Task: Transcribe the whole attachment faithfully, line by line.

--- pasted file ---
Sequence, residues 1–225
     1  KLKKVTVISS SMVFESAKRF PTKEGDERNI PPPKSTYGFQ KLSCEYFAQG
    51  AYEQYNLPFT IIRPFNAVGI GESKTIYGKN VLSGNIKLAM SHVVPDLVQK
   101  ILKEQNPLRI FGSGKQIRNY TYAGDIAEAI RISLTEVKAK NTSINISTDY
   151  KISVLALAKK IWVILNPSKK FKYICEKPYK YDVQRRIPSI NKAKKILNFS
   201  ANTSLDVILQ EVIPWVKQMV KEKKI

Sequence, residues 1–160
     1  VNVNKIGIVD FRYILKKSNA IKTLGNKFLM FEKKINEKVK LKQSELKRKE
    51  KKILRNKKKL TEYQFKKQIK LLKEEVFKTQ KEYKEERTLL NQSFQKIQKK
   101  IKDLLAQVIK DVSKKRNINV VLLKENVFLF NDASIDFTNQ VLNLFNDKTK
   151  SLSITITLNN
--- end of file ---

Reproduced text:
Sequence, residues 1–225
     1  KLKKVTVISS SMVFESAKRF PTKEGDERNI PPPKSTYGFQ KLSCEYFAQG
    51  AYEQYNLPFT IIRPFNAVGI GESKTIYGKN VLSGNIKLAM SHVVPDLVQK
   101  ILKEQNPLRI FGSGKQIRNY TYAGDIAEAI RISLTEVKAK NTSINISTDY
   151  KISVLALAKK IWVILNPSKK FKYICEKPYK YDVQRRIPSI NKAKKILNFS
   201  ANTSLDVILQ EVIPWVKQMV KEKKI

Sequence, residues 1–160
     1  VNVNKIGIVD FRYILKKSNA IKTLGNKFLM FEKKINEKVK LKQSELKRKE
    51  KKILRNKKKL TEYQFKKQIK LLKEEVFKTQ KEYKEERTLL NQSFQKIQKK
   101  IKDLLAQVIK DVSKKRNINV VLLKENVFLF NDASIDFTNQ VLNLFNDKTK
   151  SLSITITLNN